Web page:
New Peaks, New Trouble in Nepal

104 peaks now open, but avalanche concerns abound

Mt. Kangchenjunga is the third-highest mountain in the world and home to a new eight-thousander available to climbers, but an avalanche recently struck its west side.     Photo: Aaron Ostrovsky/Flickr

Good news: Nepal has just opened 104 new mountain peaks for climbing. Bad news: Three climbers are missing after another avalanche, and new climate change research says the country's glaciers are melting quickly—which could only increase avalanches in the future.

Among the new peaks available for commercial climbing are two named for New Zealand climber Sir Edmund Hillary and Sherpa guide Tenzing Norgay, who were the first people to climb Everest. In fact, these peaks were named just in time for next week's 61st anniversary of their climb.

Yalung Kang (8,505 meters/27,903 feet) is also open now. The government of Nepal announced that it's seeking international recognition for this peak from the International Mountaineering and Climbing Federation. The hope, of course, is to boost mountain tourism.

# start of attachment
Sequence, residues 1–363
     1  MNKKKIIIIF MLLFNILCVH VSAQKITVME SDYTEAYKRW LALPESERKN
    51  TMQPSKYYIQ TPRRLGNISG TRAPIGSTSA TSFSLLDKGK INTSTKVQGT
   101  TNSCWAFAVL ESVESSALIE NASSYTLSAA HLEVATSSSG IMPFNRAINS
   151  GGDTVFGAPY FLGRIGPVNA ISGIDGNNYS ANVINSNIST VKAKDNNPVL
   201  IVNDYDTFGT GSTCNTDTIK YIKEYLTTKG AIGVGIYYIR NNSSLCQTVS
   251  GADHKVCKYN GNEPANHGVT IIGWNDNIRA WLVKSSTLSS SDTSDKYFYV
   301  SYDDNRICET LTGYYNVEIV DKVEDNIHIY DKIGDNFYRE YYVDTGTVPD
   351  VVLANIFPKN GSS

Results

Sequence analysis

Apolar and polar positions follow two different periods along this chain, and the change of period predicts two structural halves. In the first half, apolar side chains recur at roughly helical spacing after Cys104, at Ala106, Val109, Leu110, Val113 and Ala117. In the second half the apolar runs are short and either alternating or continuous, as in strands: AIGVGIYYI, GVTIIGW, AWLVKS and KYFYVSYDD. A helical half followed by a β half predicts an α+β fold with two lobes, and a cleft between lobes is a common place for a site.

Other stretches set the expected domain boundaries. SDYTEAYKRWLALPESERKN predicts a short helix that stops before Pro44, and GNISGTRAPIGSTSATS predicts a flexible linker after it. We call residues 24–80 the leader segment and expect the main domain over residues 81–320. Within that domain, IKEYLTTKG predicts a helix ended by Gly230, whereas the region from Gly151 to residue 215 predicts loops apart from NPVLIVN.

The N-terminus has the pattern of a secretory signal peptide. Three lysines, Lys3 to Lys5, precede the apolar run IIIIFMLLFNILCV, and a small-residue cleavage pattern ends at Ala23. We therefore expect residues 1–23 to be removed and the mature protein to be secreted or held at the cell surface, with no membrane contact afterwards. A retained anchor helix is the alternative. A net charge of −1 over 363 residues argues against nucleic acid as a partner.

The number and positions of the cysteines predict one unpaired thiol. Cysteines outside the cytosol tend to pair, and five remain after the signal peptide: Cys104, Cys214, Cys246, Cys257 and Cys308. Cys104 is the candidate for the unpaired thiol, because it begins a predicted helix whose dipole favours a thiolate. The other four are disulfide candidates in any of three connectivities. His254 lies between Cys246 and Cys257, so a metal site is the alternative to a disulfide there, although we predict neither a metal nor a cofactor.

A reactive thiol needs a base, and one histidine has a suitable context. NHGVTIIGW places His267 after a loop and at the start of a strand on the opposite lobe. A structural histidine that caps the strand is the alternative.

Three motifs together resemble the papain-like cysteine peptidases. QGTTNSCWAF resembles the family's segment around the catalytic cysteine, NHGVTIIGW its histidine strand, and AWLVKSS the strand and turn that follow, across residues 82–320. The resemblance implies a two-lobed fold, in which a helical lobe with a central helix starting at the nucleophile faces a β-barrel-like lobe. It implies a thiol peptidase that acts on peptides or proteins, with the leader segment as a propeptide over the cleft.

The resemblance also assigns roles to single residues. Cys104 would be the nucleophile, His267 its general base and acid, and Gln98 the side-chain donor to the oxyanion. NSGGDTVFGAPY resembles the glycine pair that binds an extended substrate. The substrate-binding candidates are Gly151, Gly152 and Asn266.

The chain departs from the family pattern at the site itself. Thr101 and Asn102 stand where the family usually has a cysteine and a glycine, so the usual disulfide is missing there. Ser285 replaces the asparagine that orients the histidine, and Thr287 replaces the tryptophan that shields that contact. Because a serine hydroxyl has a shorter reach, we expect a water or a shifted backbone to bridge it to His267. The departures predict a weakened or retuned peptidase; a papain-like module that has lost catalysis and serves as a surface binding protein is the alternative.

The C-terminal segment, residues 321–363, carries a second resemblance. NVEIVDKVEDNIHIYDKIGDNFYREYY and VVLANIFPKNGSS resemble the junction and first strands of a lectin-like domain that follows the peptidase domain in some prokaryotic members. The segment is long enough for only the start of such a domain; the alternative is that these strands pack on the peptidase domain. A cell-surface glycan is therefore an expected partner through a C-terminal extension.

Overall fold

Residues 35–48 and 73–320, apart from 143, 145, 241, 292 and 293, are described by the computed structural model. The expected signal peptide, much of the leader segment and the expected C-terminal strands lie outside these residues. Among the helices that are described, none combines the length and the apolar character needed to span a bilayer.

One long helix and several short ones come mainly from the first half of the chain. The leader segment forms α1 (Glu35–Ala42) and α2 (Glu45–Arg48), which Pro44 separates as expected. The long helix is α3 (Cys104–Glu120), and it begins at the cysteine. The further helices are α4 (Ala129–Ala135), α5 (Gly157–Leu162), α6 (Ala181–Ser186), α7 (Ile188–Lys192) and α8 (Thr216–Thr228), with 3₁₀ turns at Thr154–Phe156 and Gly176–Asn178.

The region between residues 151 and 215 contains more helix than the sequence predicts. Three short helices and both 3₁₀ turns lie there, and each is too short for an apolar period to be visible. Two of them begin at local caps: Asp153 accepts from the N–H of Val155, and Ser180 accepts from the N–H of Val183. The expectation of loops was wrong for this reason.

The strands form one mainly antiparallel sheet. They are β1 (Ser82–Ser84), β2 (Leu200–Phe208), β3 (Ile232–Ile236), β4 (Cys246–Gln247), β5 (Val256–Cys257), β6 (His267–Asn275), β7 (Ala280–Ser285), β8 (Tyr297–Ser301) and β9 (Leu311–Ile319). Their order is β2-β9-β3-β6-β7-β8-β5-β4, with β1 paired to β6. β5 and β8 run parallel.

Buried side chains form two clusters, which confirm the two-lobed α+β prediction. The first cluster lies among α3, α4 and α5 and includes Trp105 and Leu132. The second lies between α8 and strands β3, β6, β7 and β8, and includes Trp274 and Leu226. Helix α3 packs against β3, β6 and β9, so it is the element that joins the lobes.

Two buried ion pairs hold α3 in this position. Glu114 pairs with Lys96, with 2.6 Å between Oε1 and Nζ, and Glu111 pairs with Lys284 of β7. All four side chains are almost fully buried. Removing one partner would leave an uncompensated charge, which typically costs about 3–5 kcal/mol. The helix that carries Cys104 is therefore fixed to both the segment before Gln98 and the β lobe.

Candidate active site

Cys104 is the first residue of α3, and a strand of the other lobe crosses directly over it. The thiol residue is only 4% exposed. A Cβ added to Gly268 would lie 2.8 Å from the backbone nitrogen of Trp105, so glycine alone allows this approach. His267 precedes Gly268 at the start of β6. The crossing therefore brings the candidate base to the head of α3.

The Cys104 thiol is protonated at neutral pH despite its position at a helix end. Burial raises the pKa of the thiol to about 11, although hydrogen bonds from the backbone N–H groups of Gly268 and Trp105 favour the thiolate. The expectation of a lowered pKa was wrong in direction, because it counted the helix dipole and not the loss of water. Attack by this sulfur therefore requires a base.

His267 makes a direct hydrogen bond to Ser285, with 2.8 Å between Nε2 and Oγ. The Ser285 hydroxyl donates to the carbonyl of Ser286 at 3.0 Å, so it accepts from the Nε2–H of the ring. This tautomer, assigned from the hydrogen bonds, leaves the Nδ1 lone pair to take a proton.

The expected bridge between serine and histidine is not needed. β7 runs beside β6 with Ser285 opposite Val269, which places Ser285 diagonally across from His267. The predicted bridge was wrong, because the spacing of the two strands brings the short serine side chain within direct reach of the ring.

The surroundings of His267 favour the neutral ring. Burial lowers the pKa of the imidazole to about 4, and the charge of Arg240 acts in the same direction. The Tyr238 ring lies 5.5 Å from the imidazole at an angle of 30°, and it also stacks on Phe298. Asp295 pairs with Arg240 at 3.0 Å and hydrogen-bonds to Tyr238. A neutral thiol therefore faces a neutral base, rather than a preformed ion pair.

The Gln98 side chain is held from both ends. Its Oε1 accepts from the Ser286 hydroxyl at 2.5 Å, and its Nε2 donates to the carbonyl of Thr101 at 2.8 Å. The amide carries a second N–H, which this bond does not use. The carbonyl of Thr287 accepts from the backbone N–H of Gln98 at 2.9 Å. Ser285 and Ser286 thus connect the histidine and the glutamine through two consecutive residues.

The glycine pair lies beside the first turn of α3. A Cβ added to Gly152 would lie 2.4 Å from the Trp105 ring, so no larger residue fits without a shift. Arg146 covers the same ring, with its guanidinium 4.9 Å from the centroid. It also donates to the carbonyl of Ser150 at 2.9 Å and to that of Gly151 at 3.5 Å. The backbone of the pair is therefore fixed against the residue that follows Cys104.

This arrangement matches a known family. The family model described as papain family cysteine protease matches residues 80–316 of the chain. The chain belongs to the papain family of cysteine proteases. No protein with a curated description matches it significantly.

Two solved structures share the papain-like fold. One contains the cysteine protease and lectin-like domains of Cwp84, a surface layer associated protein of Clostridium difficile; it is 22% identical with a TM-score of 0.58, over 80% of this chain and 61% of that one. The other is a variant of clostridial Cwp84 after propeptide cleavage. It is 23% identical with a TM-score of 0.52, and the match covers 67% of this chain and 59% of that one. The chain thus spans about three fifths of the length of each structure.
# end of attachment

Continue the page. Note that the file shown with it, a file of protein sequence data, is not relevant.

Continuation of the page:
Meanwhile, three climbers are missing after another avalanche, this time on Mount Kangchenjunga. One climber has been identified as Chhanda Gayen, reported as the second Indian woman to climb Mount Everest and the first to summit Kangchenjunga. At the time of the avalanche late Tuesday, she was with two Sherpa guides, Dewa Wangchu and Migma Temba, according to the Times of India.

The three climbers had been close to the summit of newly opened Yalung Kang, also known as Kangchenjunga West, when the avalanche began. That was the last anyone heard from them. A helicopter search continues for these climbers, but bad weather halted today's efforts.

The long-term outlook for Nepal's avalanche concerns is not great, according to a study published this week. The International Centre for Integrated Mountain Development (ICIMOD) found that Himalayan glaciers have shrunk by almost a quarter over the past 30 years. It's not unusual for glaciers to shrink and grow over time, but it is unusual for Nepal's glaciers to recede at such a high rate—almost 24 miles each year.

That's very bad news locally, as loss of glacial ice means loss of freshwater reserves and a higher risk of flooding from glacial lake outbursts. It's also concerning for the future of mountaineering in Nepal: "The frequency of avalanches like the one that struck at Everest base camp last month may increase due to global warming," the report's lead author, Samjwal Bajracharya, told Reuters.

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